Japan’s top government spokesman ruled out the issuance of deficit bonds to fund an economic stimulus package planned for the autumn, hinting at the use of construction bonds for longer-term investments.
“We want to make full use of every possible resource, including for financing, to make it robust,” Chief Cabinet Secretary Yoshihide Suga said in an interview Saturday in Tokyo. “I want to make it clear that we are not planning to issue” deficit bonds, he said.
In his first speech after winning an Upper House election last Sunday, Prime Minister Shinzo Abe outlined plans for a “bold” stimulus package. He said it will include funds for regional infrastructure, such as bringing forward the construction of maglev and other high-speed train lines and improving facilities at ports for tourist cruise ships.
Taking on more debt to fund the package, which is expected to amount to about ¥10 trillion, might raise concerns about how the world’s most indebted nation will achieve its aim of wiping out the budget shortfall in the next few years. Speculation about the stimulus plan and so-called helicopter money led the yen to weaken last week.
The chief Cabinet secretary serves as the public face of the government, with a daily schedule that typically includes two press briefings. Suga runs the Cabinet Secretariat, which coordinates between the various ministries and agencies, and serves on panels such as the National Security Council and the government’s top economic committee. He also plays the role of Abe’s enforcer, imposing discipline in the Cabinet.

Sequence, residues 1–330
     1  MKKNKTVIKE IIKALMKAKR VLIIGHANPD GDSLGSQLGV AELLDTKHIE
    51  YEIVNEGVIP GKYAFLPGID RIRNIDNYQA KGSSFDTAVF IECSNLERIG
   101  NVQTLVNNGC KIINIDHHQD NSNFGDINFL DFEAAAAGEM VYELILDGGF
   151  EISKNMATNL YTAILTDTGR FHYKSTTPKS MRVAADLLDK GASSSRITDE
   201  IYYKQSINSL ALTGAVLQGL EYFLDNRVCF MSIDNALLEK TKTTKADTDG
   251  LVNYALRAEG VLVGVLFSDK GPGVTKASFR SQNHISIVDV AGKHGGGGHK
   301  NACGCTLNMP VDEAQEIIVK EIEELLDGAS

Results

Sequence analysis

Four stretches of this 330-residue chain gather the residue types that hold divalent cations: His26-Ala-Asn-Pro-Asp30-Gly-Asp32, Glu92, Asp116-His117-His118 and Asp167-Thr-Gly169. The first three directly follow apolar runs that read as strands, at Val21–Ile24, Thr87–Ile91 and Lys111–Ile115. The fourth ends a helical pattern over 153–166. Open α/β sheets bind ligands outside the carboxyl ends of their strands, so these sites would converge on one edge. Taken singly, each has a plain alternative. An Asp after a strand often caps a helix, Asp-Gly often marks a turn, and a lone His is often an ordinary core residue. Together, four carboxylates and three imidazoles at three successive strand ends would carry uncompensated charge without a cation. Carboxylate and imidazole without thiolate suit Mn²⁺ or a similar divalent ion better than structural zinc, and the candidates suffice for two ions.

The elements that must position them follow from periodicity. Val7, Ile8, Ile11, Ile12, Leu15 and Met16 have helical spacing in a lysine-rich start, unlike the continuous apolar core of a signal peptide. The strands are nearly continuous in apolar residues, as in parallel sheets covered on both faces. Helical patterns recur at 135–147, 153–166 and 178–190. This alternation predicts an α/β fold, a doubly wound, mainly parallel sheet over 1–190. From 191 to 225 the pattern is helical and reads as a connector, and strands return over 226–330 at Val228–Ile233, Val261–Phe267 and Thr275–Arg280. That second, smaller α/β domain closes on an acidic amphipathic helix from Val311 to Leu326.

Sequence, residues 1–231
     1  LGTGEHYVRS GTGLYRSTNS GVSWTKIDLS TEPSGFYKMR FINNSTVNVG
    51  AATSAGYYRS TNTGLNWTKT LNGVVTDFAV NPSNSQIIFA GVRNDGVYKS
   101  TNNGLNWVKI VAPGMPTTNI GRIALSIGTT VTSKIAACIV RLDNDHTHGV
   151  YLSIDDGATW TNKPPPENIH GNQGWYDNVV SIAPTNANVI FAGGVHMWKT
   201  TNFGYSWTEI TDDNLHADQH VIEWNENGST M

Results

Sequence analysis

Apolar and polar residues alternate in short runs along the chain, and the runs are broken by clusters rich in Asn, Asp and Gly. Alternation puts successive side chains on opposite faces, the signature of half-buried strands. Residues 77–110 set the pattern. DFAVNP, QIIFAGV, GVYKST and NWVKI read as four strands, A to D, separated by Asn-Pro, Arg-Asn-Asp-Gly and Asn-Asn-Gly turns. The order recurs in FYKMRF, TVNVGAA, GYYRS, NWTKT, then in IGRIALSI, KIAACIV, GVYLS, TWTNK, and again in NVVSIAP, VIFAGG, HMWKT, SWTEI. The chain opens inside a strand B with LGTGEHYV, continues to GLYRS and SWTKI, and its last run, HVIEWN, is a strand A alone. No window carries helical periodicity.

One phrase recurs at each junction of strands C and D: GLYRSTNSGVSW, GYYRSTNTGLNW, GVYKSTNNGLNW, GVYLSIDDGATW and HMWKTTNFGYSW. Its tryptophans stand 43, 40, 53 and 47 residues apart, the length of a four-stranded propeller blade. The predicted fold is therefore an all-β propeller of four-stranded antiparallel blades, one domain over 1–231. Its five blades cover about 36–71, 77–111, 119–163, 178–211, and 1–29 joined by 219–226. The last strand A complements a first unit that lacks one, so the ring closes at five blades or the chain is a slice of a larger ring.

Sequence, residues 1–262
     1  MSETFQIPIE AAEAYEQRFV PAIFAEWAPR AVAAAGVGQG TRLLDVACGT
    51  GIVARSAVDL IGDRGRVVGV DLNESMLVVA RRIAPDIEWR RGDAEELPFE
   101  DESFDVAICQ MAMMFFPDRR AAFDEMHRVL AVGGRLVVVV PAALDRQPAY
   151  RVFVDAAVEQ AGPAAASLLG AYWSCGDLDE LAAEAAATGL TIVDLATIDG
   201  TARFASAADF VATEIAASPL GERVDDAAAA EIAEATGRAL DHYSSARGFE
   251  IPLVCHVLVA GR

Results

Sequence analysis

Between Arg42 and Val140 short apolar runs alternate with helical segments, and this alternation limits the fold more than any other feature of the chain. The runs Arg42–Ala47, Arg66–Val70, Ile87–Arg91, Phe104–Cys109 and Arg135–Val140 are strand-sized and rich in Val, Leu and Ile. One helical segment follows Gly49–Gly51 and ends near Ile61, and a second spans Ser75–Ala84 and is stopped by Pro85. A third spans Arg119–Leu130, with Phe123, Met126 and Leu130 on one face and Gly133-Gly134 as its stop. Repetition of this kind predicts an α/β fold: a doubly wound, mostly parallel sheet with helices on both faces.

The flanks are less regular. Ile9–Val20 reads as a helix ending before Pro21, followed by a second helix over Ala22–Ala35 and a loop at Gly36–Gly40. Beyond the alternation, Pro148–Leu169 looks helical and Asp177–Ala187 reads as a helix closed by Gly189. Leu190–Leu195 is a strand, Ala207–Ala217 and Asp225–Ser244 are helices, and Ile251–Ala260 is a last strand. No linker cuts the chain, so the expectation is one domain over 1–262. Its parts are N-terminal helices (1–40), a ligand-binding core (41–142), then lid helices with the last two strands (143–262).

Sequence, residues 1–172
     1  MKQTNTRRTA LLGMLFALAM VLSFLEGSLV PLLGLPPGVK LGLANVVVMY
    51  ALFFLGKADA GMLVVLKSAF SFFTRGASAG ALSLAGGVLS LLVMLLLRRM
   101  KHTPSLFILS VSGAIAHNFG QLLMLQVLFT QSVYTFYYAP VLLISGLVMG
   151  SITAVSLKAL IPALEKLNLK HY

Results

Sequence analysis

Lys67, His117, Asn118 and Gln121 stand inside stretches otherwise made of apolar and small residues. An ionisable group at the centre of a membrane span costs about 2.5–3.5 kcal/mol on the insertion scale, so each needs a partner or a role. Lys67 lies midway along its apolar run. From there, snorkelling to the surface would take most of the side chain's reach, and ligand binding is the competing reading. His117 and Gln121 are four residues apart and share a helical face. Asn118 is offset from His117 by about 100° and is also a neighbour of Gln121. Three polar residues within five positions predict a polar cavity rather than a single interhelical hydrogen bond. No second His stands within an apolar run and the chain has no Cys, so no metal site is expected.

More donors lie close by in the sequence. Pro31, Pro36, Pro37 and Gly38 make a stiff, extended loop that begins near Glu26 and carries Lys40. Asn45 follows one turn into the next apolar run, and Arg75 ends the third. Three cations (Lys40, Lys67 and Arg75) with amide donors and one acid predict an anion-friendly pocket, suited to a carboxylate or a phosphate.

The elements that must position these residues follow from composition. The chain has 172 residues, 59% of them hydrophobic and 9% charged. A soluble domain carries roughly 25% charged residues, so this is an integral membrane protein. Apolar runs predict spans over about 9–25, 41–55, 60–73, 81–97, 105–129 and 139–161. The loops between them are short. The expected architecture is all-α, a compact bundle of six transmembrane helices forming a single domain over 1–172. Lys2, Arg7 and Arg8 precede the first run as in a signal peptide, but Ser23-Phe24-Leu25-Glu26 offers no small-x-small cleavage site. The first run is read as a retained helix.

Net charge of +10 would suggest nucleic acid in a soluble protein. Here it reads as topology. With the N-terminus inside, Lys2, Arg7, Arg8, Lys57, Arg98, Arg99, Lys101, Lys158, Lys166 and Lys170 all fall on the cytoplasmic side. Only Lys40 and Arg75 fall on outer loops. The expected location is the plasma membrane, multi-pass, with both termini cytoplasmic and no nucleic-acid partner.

Influential Abe advisers have called for a boost in monetary stimulus coordinated with the fiscal package. Suga echoed comments made by former Federal Reserve Chairman Ben Bernanke during a visit to Tokyo last week, in saying that the Bank of Japan still has options for further easing its already unprecedented monetary stimulus.
While Suga declined to specify what the options might be, Etsuro Honda, who helped the prime minister shape his Abenomics policy program, said last week that the central bank should accelerate its government bond purchases rather than deepen negative interest rates.
Honda advocated action at the BOJ’s July 28-29 policy meeting.
Asked about further use of negative rates, which have sparked unease among markets and consumers, Suga said: “I believe they are effective, but they haven’t been explained sufficiently to the public and to the financial sector.”
After taking office in late 2012, Abe announced a three-pronged economic program of monetary easing, fiscal stimulus and deregulation to spur competitiveness in the world’s third-largest economy.
On the third pillar, Suga said the Diet should approve a 12-nation regional trade deal in its next session expected this he autumn. The Trans-Pacific Partnership has faced roadblocks in the U.S., but Suga said there is no prospect of renegotiating the deal.
“That’s absolutely impossible,” he said. “The countries involved went through a complex process to reach this agreement, so we want to go ahead with it as we promised.”
In a time of both misinformation and too much information, quality journalism is more crucial than ever.
By subscribing, you can help us get the story right.